So…What’s Your Film About?

Michelle:  Whether at a high-profile meeting or at a laid back cocktail party, the creators of most art forms are perpetually prompted to describe their idea by likening it to existing, well-known pieces in order to gain legitimacy and respect from their peers. The results usually end up in very absurd territory. Example?

Boy at a Party: You should check out my band sometime. Our sound is a Flaming Lips/Guns and Roses love child that was raised by Ani DiFranco.

Potentially Interested Girl: (giggle) Wow, that sounds…pretty neat actually. Tell me more!

Humans like categorizing. It helps us make sense of the world around us, especially the parts of the world containing different and unfamiliar ideas. While some artists shun this practice for fear of labeling their omg totally original art, it’s a necessary evil in generating any interest or curiosity about a project. The film industry is rife with this sort of quick referencing.

Random Human: So…what’s your film about?

James Cameron: Well, Avatar is kinda like Dances with Wolves in space.

Random Human: Oh, okay. I guess that makes sense…Wait, what?

 

We are not making this shit up. Read all about it here and here.

It’s also been said that Titanic = Romeo and Juliet on a boat. Which goes to show that even after you’ve made two of the highest grossing films in history an artist must still quip cheesy-ass pigeonholing references to make potential audiences, investors, and critics feel just enough familiarity but with its own creative spin.

A couple of other delightful examples:

St. Elmo’s Fire group dynamic meets a Hackers universe = The Social Network.

Monty Python tomfoolery + witty Sherlock Holmes whodunit = Clue.

There are obvious pros and cons to this sort of labeling. Comparisons to glory may give off an inflated sense of ego, but mass recognition referencing undeniably garners a nodding, “Oh, I think I get it” type of reaction. A reaction that hopefully contains the magical mixture of comfortable recognition and show-worthy appeal.

Random Human: So…what’s your film about?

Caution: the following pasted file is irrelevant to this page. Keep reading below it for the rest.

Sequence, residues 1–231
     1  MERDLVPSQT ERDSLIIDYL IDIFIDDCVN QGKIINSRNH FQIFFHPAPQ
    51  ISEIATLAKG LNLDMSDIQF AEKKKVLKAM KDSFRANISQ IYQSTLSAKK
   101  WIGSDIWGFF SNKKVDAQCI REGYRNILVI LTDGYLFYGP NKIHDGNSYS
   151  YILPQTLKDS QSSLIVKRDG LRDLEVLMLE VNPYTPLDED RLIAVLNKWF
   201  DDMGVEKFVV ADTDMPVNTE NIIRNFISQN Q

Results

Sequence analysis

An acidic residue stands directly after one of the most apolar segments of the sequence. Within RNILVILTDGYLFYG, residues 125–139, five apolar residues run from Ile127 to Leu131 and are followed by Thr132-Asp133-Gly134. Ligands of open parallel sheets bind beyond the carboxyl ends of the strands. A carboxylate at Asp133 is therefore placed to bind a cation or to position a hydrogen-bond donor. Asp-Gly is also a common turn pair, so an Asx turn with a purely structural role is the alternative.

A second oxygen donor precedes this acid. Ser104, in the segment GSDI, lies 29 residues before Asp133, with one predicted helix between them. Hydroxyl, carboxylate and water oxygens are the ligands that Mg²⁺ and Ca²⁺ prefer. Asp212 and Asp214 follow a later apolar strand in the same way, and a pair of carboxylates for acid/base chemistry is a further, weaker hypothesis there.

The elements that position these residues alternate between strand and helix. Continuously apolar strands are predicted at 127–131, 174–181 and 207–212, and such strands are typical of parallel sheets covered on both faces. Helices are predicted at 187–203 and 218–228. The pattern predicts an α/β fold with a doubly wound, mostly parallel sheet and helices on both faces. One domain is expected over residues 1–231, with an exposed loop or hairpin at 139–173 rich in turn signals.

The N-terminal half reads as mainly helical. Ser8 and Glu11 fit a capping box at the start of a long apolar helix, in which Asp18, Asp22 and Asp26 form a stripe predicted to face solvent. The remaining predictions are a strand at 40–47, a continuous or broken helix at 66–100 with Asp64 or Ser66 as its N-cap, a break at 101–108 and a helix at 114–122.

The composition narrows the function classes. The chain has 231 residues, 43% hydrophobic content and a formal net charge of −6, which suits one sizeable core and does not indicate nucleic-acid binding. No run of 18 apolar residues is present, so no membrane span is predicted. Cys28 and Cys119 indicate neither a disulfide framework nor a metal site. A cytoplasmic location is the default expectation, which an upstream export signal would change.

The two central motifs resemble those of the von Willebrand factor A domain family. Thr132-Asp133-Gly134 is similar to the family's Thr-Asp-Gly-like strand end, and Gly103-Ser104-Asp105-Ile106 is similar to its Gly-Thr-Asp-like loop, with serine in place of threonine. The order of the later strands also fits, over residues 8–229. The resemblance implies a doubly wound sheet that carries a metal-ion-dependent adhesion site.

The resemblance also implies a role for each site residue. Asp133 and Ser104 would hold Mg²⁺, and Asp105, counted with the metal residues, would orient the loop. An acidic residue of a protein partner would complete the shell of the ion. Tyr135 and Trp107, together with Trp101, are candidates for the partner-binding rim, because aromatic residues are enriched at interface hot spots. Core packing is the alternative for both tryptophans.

The YI: The Young Invincibles is an independent fictional story (not a documentary!) in Traffic-style storytelling with Reality Bites characters.

Get it? Good. Sound appealing? We sure hope so!

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Time For Some Techno Babble

Aaron: I am not sure if everyone knows this but apparently you need a camera (or two) to make a movie.  So, I have begun the process of figuring out the best one for The Young Invincibles. In the grand old days, film was shot on well … film. Then, the revolution came along that it was televised in digital! Digital film gave to the masses the ability to make an indie film cost effectively (i.e. cheaply). So, for us, digital is the way to go.  Psstt….don’t tell old school Hollywood but many big budget films are going digital. VIVA LE REVOLUTION!!!

So, the digital camera that has my crank turning right now are these new DLSR cameras. Specifically, the Cannon  EOS-1D Mark IV which just came out in Oct of ’09. It look like this.  Yes, it looks like a traditional photo camera.  And that’s because it is.  However, it also just happens to have video capacity which looks like this (seriously look at that link).  The picture quality is just insane.  It blows away everything else I have seen in digital.  Hell, Robert Rodriguez (the guy behind “Desperado” & “Spy Kids”)  just shot a music video with a DLSR camera.  So they are pretty sick.

So, here is the techno number side of these cameras.  It shoots in 1080 HD.  Also, it shoots in 24p (technically 23.976), unlike earlier models, which mean it can mirror the 24 frames per second of film. VERY SEXY INDEED.  Then, there is the other cool thing. It sees in low light spaces better than the naked human eye (I told you to watch that video link. It was all shot at night with available light!). That will do! That will do indeed. So, technically, shooting with this camera is more like shooting with old film cameras.  It has  a large single sensor (traditional digital cameras have 3 smaller censors, film camera have one big one), you have to record your sound separately (welcome back clap boards), and you get to shoot with a shallow depth of field (trust me this is a very good thing).   The shape is kind of weird for making a movie but you can add stuff like this to make it more movie making friendly.  Kinda cool.

Alright, that’s enough geeking out for now but trust me there will be more.  However, if you got questions, comments, or ideas about cameras please leave a comment or send me an email and I will get back to you.  And, don’t forget to subscribe so you can follow The Young Invincibles journey from this website to a theater near you.